Even as a child, I had no killer instinct.

Competitive girls always seemed to be bouncing on the balls of their feet, looking for a challenge.

They were the first to spike the volleyball, the first to score, the first at bat.

I have no competitive streak. I don't even have a competitive pinstripe.

If I were a predator, I'd have died out long ago.

Some people find their competitive zeal in adulthood. Many women discovered a desire to compete when the world realized women could run marathons and still bear children. I admire these women. I admire all competitive women, in fact, though my lip still curls when I recall an extremely athletic girl in my high school class -- not because she was talented, but because even in the biology lab, she raced to be the first student to touch a cow's eyeball. (As it turned out, she needn't have hurried; she also was the last one to touch it.)

But now, later in life, I've discovered a fierce desire to win. And not just to win -- to smash, thrash, trounce, whip and eviscerate my opponent. It's exhilarating, this urge to shellac something like a decoupage kitten.

For the first time, I understand those girls in my gym classes.

You want to know what rouses my previously dormant competitive nature? I'll tell you: Products designed to be used up so we'll buy more to use up so we'll buy more. Take shampoo. I realize a bottle contains a finite amount of liquid. Eventually, a person uses the last drop and has to buy a new bottle. Fine.

It's the directions on the bottle that rile me. "Shampoo, rinse. Shampoo again, rinse," they say.

Now, maybe in pioneer days, when people bathed infrequently -- in the nine Little House books, Laura might have washed her hair once -- shampooing twice consecutively was necessary.

Those of us who shampoo daily, however, can scrape along with a single sudsing.

And if we do, the shampoo will last twice as long as the bottle thinks it will. Bam.

Now soap. Bar soap turns into a sliver overnight.

When I'm down to a translucent ellipse, the contest begins.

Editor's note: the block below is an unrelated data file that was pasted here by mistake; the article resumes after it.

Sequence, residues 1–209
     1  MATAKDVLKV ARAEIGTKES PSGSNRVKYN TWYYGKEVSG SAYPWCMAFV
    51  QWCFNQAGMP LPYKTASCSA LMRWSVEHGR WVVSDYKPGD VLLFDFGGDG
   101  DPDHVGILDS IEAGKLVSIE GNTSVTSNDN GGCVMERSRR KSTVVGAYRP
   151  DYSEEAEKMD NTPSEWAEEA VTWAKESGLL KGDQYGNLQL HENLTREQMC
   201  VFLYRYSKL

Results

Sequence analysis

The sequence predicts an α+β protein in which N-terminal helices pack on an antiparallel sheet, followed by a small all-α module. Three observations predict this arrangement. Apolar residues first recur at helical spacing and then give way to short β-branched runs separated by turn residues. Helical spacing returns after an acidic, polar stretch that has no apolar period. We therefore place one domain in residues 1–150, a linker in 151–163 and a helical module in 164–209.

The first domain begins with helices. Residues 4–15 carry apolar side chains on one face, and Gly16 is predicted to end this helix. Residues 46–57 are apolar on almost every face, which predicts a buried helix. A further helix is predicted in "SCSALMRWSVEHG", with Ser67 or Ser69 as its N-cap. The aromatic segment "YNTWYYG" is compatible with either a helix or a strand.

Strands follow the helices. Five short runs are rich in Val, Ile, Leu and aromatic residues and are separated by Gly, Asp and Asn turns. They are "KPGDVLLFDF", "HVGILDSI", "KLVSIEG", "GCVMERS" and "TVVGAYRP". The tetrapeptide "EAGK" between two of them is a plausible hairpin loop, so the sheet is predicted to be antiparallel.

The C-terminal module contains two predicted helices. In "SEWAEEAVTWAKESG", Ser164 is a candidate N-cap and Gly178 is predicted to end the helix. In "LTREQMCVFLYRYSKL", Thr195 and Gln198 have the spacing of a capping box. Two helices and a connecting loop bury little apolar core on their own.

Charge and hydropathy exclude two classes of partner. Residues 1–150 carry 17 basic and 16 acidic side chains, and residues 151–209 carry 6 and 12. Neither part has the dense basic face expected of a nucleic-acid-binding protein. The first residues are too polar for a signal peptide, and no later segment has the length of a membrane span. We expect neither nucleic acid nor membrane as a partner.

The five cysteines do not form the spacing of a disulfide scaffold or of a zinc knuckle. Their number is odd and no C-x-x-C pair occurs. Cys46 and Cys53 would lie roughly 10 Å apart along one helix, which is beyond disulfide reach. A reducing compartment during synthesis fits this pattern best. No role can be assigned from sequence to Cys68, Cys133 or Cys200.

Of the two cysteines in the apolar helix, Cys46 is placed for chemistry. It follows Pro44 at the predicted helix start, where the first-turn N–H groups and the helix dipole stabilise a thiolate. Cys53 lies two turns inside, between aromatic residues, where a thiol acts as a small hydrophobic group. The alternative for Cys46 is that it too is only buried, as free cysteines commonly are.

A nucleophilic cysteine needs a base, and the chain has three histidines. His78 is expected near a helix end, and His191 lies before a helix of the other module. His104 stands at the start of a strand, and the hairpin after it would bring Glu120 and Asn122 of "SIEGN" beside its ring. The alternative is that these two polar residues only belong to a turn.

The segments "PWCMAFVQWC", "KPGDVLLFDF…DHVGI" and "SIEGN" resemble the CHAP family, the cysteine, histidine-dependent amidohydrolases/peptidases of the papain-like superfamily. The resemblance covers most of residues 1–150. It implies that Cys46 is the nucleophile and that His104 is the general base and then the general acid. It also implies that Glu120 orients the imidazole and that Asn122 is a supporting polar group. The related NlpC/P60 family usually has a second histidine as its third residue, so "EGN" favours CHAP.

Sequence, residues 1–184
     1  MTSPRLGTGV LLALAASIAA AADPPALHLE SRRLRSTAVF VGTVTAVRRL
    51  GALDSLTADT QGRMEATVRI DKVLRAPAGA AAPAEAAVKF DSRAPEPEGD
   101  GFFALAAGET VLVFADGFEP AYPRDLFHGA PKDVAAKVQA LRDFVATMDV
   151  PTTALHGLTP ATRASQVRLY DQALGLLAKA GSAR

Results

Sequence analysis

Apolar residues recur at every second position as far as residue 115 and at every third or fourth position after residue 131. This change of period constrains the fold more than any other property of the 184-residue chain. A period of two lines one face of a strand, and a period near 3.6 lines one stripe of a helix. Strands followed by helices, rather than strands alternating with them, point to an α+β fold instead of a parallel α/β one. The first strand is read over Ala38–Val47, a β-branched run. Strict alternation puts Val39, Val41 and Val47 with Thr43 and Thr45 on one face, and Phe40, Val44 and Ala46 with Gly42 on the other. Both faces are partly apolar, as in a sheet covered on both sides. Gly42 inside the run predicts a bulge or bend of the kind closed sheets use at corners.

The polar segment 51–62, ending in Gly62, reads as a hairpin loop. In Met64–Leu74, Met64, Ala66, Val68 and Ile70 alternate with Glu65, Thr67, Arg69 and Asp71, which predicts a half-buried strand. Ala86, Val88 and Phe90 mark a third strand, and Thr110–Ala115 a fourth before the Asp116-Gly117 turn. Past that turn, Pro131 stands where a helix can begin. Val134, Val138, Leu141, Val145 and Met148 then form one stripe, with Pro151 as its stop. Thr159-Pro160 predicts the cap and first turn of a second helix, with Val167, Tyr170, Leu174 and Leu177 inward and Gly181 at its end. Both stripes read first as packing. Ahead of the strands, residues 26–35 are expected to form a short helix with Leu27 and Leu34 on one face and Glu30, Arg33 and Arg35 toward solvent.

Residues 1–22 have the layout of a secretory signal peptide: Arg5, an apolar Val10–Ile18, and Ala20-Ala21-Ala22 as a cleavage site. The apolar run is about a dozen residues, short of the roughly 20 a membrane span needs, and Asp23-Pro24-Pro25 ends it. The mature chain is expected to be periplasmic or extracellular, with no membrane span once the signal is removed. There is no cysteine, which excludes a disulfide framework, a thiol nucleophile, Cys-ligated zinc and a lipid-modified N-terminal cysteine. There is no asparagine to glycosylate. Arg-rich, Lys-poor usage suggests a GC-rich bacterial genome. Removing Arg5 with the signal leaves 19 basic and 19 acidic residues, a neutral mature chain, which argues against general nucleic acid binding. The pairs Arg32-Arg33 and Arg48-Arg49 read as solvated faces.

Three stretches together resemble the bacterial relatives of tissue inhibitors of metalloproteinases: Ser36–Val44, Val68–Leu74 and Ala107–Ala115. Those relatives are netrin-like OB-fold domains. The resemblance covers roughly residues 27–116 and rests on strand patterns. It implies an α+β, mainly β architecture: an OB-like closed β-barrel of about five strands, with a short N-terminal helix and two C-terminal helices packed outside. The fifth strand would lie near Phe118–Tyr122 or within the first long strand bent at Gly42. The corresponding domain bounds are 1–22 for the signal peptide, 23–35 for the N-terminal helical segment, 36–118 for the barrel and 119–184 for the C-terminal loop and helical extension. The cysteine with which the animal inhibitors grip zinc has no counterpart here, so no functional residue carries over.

How long can I soap with the slick little wafer before it smooshes into a glob or shoots out of my hands and lands under the radiator?

The makeup situation is like the Middle East, only more complex.

Each kind has its own rules and its own dangers.

For example, the internet says to throw away mascara after three months. "It's a breeding ground for bacteria," it says.

"But the tube's not empty. It cost $15.99," you say.

"Do you want an eye infection?" the site replies.

Of course I don't. I also want to rub my eyes, which is why I gave up mascara years ago. But if I used it, I'd spread it with a butter knife so the tube and three months come out even. Of course, the real question is, if mascara has a three-month shelf life, why do the tubes hold enough for half a year?

Well, never mind. My favorite event is the disposable-razor competition.

Exactly when are you supposed to throw away a disposable razor? After one use? After one leg?

When a men's disposable-razor maker suggested four days per blade is reasonable, I selected a yellow razor from the packet, bouncing on the balls of my feet.

Days passed, then a week. Then two weeks, a month. The furnace started coming on in the morning. I read several books. Seasons changed; empires rose and fell. It began to seem I would never use up this razor.

Then we left town for a week.

I took the razor, of course, along with a spare.

That broke my streak. I started using both razors, yellow and pink. I may go on like this until the end, and it will be noted during my eulogy: "She used the same two disposable razors for the last 22 years of her life."

Too bad no cow eyeballs are around. I feel like poking one.

Write to Margo Bartlett at margo.bartlett@gmail.com.